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Some of us are bristly rather than smooth February 25, 2010

Posted by Jenny in nature, philosophy, poetry.
Tags: , ,

Last year, I shared a poem of my mother’s here.  As best as I can understand, it had to do with the black, infinite spaces between stars, the places that trouble our imaginations with their unintelligible vastness.  The places that remind us that imagination is an absolute requirement of life, not some sort of pleasant decoration.

My mother, Barbara J. Bennett

Today, I want to present another poem of my mother’s that might be particularly appropriate in this time of year when the forces of ice are fighting the forces of thawing and growing.

What I particularly enjoy about this poem is that it starts to lure us into a complacent way of viewing the landscape, then pulls the rug out from under our feet.  We are not talking about a “pretty scene” here: we are talking about difficult realities.  It also has to do with the human need to find something definite, or what philosophers would call “epistomology.” Here it is.

The Appearance of Snow

In lucid sunlight the evidence

is clear: snow has quietly

remade the meadow into a scene

of undreamed simplicity.

But seek no deep truth in the snow:

it is just a cover, a white lie.

It fell quite by chance last night,

erasing the whole known world,

but now, prickly whiskers of brittle

grass-tips stick up through the surface,

stiff reminders of the difficult world

that lies forgotten below, cloaked

by the snow’s deceit.



1. kseverny - February 25, 2010

Excellent, really enjoyable

Jenny - February 25, 2010

Thank you very much. Glad you liked it.

2. DaffodilPlanter - February 26, 2010

Yes, excellent. I remember her talking about preferring the winter landscape, saying that when all the leaves were on the hardwood trees it was “overdone”. Why don’t people of her quality live for two hundred years?

3. Jenny - February 26, 2010

DP, that remark of hers was so typical! And yet, in fact, she truly loved the spring and all the wonderful unfoldings of plant life. It was just that she always liked to go counter to expectations, just to make the rest of us think, or sometimes perhaps to make us smile!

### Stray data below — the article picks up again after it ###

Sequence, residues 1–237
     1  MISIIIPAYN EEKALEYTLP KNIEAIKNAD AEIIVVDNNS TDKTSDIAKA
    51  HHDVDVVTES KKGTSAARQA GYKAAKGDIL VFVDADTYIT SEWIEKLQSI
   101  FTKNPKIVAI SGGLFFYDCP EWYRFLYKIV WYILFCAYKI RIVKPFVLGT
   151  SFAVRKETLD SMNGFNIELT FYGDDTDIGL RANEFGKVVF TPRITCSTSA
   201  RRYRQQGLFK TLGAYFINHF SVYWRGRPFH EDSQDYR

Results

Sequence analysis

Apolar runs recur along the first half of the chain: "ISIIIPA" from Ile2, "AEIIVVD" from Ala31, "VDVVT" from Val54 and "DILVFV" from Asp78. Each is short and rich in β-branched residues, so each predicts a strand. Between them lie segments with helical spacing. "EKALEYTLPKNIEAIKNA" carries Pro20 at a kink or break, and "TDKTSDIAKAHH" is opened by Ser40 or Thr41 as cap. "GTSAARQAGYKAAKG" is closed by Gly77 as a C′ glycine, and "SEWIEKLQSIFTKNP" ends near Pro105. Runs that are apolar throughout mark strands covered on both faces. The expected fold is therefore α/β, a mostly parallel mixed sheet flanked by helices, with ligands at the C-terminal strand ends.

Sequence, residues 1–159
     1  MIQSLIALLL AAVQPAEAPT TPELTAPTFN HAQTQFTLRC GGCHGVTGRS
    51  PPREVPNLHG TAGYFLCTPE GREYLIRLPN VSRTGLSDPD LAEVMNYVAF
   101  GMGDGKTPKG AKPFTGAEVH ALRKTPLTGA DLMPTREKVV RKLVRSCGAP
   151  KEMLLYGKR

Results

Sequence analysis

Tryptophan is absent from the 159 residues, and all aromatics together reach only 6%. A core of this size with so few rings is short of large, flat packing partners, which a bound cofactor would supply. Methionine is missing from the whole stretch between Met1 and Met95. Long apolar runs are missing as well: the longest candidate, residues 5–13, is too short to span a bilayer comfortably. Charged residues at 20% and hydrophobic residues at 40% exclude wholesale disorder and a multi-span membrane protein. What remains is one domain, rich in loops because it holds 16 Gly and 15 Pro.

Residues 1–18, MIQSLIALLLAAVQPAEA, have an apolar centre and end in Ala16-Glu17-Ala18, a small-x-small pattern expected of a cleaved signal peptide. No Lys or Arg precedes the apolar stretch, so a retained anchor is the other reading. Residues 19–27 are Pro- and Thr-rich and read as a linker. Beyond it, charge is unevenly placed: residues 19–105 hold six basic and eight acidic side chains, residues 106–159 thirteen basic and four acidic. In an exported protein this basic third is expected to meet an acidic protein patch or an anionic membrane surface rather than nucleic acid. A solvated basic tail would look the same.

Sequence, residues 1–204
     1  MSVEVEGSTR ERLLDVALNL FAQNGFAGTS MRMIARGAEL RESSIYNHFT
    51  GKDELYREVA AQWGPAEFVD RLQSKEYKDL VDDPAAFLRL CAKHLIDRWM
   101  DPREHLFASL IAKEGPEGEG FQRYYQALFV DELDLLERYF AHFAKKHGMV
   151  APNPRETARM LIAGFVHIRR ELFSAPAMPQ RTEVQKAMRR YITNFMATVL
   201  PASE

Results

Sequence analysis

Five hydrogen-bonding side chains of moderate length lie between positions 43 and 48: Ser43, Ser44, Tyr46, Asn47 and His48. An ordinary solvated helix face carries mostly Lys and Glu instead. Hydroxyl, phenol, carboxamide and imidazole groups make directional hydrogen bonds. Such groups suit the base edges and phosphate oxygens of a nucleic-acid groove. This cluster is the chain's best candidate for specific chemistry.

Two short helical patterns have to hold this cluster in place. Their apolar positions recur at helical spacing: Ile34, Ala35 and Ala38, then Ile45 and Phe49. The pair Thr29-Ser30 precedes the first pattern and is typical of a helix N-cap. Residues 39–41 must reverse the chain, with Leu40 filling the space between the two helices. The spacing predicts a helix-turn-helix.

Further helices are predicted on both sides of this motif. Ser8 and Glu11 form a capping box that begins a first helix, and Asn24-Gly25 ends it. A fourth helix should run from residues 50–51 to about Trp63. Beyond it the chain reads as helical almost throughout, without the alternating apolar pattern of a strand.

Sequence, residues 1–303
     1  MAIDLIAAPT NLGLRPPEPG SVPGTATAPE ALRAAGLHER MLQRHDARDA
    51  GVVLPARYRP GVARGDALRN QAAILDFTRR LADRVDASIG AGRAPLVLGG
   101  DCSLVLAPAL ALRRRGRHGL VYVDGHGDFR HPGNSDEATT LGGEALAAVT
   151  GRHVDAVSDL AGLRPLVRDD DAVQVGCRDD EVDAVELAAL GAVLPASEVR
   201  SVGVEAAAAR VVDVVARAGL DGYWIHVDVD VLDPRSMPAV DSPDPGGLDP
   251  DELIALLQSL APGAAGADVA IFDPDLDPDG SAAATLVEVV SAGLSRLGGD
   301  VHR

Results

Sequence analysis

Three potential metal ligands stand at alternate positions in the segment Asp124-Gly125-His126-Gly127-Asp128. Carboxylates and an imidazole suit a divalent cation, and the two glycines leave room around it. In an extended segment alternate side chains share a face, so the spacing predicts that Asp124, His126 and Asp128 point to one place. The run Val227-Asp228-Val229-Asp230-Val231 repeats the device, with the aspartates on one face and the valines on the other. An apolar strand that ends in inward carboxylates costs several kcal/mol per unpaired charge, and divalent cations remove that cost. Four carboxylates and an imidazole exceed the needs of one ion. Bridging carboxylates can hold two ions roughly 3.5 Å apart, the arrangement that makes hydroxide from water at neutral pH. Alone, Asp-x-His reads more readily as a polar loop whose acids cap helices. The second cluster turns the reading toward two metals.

4. Daffodil Planter - February 27, 2010

What an absolute joy to read this poem and be again in touch with my long-time friend, Barbara. Elegant enjoyment of the beauty, refusal to be lulled, “righting her boat”, so to speak, through letting the stiff grasses remind her that the world is unyielding, non-nurturing, indifferent. As she had
known it to be. But made art of it all. Janet Germane

5. Heather Vallance - February 28, 2010

Jenny, the article I promised you. I was mistaken as it was Leyds not Reitz I had in mind. It may still interest you. Heather
November 7 1897
Chicago Tribune Page 9 Volume 56 Number 311
Allen County Public Library
From the most intimate friend of Dr. Leyds, the State Secretary of the Transvaal, I hear that he is shortly to resign in order to become the envoy of his country to the Dutch of Europe. Then we shall see the curious result of the Jameson raid, the Transvaal dealing diplomatically with the Foreign Office of a foreign country, while in England her agents are received only at the colonial office. In other words, the independence of the Transvaal is admitted by every country excepting England. There is no doubt that Transvaal will make a desperate effort to secure an outlet to the sea at Delagoa Bay, and though Dr. Leyds has exercised great secrecy in his frequent visits to that port, I doubt not that he has paved the way for such a concession as will allow the Transvaal government to land military stores without observation from other countries.

6. kaslkaos - February 28, 2010

Thanks for sharing yet another evocative poem from your mother, and nestling it gently in photo illustrations and & quite the headline.

7. Jenny - February 28, 2010

I’m so glad you enjoyed it, kaslkaos. I remember how supportive you were when I put up the first poem from my mother a year ago. There is something about a meeting of minds from different places, all appreciating a particular person’s vision, that is deeply reassuring.

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